Monday, February 19, 2018

3rd in the series of People we know nothing about

James Willis Downing (August 22, 1913 – February 14, 2018) was a Lieutenant in the United States Navy. He retired in 1956 from 24 years of service, which included being commanding officer of the USS Patapsco. He was also the second oldest survivor of the attack on Pearl Harbor, about which he authored a book.

Downing was born in Oak Grove, Missouri. At the time of his high school graduation, America was in the Great Depression. Jobs were scarce, so Downing enlisted in the Navy in September 1932. He began serving at Long Beach Naval Shipyard, California, the port for most of the Pacific naval fleet. He became a gunner's mate and postmaster aboard the USS West Virginia.[1

Pearl Harbor
On the morning of December 7, 1941, Downing and his new wife Morena were staying with his shipmates in Honolulu. The radio announced an attack on the Naval Station Pearl Harbor, and the sailors rushed to the port.[1]

By the time Downing arrived at the West Virginia, Japanese bombers had targeted her with nine torpedoes. Moored at a shallow water depth of only 40 feet (12 m), the ship had not completely sunk, and her deck was on fire. Downing assisted the injured crew and used a water hose from the USS Tennessee to keep the ammunition onboard from exploding.[1][2]

He tried to memorize the names off the dog tags of those killed and later visited the wounded survivors at the naval hospital. In a notebook, he wrote those names and any messages from the wounded. Being the postmaster, he had access to all home addresses, and he would later send notes to each family, explaining what happened to their relatives and their current condition.[1][2]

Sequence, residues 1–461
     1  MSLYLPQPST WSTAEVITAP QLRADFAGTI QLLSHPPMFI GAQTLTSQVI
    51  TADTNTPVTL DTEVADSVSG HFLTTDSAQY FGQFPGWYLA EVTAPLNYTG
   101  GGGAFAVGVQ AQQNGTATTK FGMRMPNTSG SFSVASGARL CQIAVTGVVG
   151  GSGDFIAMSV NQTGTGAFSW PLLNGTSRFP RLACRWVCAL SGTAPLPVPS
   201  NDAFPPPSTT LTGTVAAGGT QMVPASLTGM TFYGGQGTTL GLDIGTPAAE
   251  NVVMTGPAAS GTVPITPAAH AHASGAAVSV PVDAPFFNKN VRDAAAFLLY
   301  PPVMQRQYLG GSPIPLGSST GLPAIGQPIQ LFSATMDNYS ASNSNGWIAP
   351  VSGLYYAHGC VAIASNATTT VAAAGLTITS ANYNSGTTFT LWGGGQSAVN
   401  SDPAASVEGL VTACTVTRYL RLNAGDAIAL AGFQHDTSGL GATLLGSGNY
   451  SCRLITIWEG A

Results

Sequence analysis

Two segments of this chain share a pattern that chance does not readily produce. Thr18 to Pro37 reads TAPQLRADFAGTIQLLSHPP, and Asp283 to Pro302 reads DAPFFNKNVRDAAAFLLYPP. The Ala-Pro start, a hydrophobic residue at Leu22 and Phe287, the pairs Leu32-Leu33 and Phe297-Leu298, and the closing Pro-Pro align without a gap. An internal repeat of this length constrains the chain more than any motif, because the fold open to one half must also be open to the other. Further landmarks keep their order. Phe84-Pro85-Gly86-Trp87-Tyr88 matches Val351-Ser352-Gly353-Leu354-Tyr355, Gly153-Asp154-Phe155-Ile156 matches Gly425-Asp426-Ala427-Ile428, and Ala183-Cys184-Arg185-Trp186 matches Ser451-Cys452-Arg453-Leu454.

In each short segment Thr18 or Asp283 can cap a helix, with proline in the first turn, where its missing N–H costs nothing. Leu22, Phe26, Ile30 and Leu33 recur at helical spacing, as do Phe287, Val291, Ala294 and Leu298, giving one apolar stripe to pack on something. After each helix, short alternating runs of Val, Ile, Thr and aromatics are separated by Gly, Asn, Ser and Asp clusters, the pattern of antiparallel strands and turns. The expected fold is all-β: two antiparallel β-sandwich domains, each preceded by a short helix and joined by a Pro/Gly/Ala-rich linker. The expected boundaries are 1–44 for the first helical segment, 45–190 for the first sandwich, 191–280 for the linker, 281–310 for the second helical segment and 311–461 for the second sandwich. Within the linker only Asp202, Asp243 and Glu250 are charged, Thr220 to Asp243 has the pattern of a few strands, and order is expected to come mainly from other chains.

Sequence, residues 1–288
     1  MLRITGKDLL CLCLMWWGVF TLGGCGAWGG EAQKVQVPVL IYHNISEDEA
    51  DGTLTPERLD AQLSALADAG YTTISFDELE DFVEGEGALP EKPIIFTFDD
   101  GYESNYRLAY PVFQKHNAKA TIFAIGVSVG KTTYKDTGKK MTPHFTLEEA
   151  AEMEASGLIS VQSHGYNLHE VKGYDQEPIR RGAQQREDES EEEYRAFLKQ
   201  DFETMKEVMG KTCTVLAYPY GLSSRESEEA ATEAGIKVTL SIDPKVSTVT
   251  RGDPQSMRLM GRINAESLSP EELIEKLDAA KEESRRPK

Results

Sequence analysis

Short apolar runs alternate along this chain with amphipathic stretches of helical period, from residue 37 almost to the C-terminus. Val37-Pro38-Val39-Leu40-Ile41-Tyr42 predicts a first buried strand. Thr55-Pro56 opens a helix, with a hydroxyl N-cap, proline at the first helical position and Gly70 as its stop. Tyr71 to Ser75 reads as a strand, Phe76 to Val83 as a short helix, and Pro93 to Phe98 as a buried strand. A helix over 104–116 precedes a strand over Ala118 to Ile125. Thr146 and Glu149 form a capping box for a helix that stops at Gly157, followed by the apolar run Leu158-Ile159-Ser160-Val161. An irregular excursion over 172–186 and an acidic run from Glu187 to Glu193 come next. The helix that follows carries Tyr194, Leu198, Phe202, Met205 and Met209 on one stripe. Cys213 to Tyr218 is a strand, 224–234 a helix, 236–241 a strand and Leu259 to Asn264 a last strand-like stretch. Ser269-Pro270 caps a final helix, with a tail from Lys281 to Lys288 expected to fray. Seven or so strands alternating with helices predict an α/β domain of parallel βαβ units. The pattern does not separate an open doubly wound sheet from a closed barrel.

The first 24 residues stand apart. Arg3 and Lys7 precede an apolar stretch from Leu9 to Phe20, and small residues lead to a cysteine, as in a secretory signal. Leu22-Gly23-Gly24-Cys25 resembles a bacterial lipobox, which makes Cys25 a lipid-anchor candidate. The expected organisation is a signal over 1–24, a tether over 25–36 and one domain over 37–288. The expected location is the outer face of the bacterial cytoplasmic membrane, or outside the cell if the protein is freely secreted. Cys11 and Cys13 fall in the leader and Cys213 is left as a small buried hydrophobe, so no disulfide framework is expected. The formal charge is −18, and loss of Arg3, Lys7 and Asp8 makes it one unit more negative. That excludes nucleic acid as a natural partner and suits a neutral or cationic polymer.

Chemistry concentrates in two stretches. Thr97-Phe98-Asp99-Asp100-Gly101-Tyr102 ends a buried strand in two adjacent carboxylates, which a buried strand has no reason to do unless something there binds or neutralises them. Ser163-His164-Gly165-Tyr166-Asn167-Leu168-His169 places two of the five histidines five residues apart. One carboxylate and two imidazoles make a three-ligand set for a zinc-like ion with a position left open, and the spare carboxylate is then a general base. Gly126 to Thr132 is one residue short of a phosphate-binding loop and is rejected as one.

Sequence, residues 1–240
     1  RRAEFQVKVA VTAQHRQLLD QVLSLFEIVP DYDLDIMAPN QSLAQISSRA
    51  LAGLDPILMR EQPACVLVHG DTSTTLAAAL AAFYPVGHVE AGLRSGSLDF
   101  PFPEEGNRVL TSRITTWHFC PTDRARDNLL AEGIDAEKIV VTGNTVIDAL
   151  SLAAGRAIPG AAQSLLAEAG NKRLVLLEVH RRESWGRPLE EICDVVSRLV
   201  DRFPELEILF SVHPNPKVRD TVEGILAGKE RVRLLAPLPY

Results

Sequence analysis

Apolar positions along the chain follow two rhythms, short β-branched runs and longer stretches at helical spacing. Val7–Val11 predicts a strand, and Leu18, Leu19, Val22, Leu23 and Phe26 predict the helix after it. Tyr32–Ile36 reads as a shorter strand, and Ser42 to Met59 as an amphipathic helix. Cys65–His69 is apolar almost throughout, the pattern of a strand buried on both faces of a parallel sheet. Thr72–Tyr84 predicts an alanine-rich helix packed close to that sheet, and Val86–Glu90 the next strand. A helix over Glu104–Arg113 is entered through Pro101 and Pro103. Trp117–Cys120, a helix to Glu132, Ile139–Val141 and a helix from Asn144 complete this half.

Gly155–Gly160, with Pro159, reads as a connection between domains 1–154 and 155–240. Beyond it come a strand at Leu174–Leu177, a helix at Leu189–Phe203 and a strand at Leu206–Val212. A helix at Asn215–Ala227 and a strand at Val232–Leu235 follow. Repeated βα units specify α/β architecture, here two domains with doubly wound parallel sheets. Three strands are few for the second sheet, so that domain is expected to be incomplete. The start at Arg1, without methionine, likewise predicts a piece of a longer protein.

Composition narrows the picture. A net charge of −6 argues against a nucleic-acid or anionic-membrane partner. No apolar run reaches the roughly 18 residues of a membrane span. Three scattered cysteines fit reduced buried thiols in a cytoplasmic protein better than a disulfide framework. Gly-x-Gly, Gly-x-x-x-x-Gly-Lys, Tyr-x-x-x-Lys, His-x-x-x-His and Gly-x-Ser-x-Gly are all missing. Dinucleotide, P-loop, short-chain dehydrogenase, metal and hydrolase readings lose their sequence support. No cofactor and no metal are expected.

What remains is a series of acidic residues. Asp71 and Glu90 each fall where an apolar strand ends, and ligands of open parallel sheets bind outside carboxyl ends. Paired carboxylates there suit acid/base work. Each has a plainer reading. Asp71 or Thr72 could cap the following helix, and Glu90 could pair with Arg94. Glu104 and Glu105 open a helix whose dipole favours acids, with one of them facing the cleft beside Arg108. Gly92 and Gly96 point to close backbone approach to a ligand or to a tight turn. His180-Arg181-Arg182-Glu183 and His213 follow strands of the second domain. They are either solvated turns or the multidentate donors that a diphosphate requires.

Later naval career

Dowling went on to be an advisor to the Brazilian fleet in Rio de Janeiro, serving aboard the USS Nespelen, and was an assistant professor of Naval Science at Kings Point.[1]
He also was made commanding officer of the USS Patapsco, which served as a supply ship during the Korean War. Downing also assumed the role of ship chaplain. In 1954, he and his crew were exposed to very high levels of radiation from Operation Crossroads, the first series in nuclear testing at Bikini Atoll.[1]

In 1956, Downing retired from the Navy.

After the Navy

Prior to Pearl Harbor, Downing befriended West Virginia shipmate Dawson Trotman, a Christian minister who eventually founded The Navigators, an interdenominational ministry. Trotman died the same year that Downing retired from the Navy, and the Downings moved to Colorado Springs, Colorado, taking over Glen Eyrie, home of the branch there. He served as deputy president, chairman of the board of directors and director of the ministries in Europe, the Middle East and Africa. He retired as a full-time minister in 1983.[1]

Personal life

While serving together, Dawson Trotman also encouraged Downing to court Morena Mae Holmes, an Arkansas native who had just graduated from Biola University in Los Angeles. They were married in July 1941 in Honolulu. On Christmas Day 1941, Morena returned to the mainland and would not see her husband again until they moved to Washington, D.C. in 1943.[1] They each had responsibilities with The Navigators and remained in Colorado Springs after his retirement. They had seven children. She died on February 9, 2010, at age 93; he died on February 14, 2018, at age 104.[2]


In 2016, Downing wrote an autobiography, titled The Other Side of Infamy: My Journey through Pearl Harbor and the World of War.[3] The book details his military career, Pearl Harbor, and how people of faith endure troubled times. Writing at age 102, Downing was honored by the Guinness World Records as the "oldest author living". With his death two years later, his title transitioned to "oldest author ever".[4]

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